Fishweir Creek Project Nearing Substantial Completion

Fishweir Creek Project Nearing Substantial Completion
Dredging continues in Big Fishweir and Little Fishweir creeks with substantial completion expected in the fall. Photo courtesy of U.S. Army Corps of Engineers Jacksonville District.

The end is in sight for the ongoing project at Big Fishweir and Little Fishweir creeks.

According to US Army Corps of Engineers Jacksonville District Small Projects Program Manager Jim Suggs, the construction currently underway at the creeks could reach substantial completion sometime in August, barring unforeseen setbacks or discoveries.

“It’s kind of right around the corner,” he said. “The contractor’s been making good progress.”

Suggs explained that the area he calls the overreach, between U.S. 17 and the bridge traversing Herschel Street, is completed. Additionally, the staging area for the necessary construction equipment for that portion of the project, created in coordination with the City of Jacksonville, has been fully restored.

“The city has done the walk-thru with my construction guy, so we’re done up there,” he added.

Dredging is currently underway in both Big Fishweir and Little Fishweir creeks.

While the construction is underway, Suggs said several residents have inquired about the possibility of having the contractor dredge around their own private docks, which Suggs said would be doable once the contractor’s fulfilled its obligation to this project and the residents follow proper channels and obtain necessary permits to do so.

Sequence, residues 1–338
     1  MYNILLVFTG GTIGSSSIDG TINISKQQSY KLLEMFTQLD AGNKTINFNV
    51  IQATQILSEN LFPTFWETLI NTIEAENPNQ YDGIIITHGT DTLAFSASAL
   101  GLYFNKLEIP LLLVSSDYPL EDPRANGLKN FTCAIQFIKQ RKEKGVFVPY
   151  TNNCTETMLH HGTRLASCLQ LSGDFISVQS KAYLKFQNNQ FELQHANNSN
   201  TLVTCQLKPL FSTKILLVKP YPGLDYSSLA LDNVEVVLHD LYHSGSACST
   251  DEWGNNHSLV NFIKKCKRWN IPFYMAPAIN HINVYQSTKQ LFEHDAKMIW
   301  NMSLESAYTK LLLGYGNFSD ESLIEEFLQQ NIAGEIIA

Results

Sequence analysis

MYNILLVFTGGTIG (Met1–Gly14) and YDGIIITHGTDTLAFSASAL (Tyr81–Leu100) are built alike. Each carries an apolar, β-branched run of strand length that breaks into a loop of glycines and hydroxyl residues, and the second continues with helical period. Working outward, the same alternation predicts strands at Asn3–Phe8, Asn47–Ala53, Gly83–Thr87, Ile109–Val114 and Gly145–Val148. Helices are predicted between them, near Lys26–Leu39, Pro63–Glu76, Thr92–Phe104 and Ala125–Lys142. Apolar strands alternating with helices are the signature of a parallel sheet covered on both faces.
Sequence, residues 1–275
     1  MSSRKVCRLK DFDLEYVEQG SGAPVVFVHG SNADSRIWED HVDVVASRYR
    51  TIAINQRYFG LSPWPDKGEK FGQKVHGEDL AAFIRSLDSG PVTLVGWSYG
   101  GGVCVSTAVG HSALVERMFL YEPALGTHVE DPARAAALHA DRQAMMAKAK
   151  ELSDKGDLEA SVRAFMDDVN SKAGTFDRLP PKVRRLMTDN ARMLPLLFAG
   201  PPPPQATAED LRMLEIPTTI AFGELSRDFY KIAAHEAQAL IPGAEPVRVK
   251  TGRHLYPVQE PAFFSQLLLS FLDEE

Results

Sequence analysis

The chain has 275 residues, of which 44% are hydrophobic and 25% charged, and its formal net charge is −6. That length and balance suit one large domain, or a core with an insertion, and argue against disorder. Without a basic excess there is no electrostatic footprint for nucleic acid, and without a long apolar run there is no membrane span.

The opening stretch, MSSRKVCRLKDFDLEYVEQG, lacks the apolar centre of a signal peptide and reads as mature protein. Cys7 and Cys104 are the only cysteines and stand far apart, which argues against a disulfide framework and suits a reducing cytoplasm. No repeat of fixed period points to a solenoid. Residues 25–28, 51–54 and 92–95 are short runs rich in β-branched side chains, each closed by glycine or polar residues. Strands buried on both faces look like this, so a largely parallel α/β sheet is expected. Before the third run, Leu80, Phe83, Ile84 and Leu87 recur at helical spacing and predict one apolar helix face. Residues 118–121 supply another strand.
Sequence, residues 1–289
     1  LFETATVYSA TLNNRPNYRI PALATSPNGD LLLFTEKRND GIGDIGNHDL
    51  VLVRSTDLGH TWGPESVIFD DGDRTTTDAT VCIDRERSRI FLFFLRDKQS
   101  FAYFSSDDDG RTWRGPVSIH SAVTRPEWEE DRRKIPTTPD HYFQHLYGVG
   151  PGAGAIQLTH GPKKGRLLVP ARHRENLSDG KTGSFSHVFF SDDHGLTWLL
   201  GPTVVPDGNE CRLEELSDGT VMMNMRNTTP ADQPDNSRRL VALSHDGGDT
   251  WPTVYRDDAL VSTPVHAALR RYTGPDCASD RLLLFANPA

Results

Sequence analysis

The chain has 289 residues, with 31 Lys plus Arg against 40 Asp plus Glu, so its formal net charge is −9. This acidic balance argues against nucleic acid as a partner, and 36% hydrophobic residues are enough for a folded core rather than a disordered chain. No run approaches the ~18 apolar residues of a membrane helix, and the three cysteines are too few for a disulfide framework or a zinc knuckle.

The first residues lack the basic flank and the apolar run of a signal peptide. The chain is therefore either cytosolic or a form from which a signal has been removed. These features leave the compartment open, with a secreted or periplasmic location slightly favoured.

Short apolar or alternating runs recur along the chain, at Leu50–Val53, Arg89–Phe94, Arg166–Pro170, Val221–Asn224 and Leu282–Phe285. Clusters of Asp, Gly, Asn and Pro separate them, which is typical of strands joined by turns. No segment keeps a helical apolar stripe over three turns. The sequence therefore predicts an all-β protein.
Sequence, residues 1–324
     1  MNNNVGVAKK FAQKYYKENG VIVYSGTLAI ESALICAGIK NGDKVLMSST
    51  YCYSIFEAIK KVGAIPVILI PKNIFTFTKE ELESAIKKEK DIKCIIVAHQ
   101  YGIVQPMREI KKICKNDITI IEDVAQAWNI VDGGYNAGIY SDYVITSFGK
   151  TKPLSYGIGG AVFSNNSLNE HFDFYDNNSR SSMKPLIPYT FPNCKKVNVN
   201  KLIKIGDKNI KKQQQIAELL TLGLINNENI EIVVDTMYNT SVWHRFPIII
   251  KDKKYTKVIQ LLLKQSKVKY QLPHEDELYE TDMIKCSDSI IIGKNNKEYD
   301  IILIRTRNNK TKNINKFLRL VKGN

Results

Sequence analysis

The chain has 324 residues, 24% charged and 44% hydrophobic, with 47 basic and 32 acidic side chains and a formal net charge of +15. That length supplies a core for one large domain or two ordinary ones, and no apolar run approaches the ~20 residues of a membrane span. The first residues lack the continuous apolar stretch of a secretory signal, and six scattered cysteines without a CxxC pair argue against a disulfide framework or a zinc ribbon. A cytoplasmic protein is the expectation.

“As long as they don’t impede on the federal project, it’s simply up around those docks, they’re good,” he said.

The contractor for the project is Underwater Mechanix Services, LLC, who was awarded the contract last August. What began as an estimated $3.8 million project first increased to approximately $6.5 million in the interim years before recent inflation caused the cost to surpass $8 million, which the Army Corps and the City of Jacksonville is splitting 65% and 35% respectively.

While there are no plans to replant vegetation or native plants, Suggs explained a monitoring period will begin following construction to ensure the creeks’ aquatic ecosystem is naturally regenerating and its vegetation and habitat is returning. This monitoring will be a joint effort between the City and the Army Corps.

“As far as planting of any type of vegetation, any of that type stuff, that will not happen because the system should regenerate those types of things, that’s the way it was designed,” he said.

Suggs has been involved with this project, on and off, for more than 20 years and said it’s “great” to see the project near completion.

“The first time I touched this project was in 2002 so 21 years later to be able to tell you that construction should be substantially complete by August — yeah, that’s great,” he added.

By Michele Leivas
Resident Community News

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